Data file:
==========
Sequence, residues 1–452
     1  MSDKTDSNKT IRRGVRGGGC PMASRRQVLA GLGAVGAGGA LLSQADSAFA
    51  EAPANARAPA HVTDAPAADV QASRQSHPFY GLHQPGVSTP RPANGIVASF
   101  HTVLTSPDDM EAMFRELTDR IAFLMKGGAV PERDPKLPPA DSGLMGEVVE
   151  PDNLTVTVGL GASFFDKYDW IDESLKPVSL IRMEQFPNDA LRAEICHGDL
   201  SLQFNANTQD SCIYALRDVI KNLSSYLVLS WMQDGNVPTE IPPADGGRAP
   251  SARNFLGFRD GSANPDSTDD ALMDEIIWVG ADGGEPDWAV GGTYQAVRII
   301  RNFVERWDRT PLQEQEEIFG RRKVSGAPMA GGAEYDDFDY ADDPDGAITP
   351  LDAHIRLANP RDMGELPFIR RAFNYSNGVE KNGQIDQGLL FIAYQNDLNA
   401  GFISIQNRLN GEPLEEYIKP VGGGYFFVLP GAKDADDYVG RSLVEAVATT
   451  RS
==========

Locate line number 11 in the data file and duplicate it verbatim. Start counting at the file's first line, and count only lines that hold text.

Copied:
   451  RS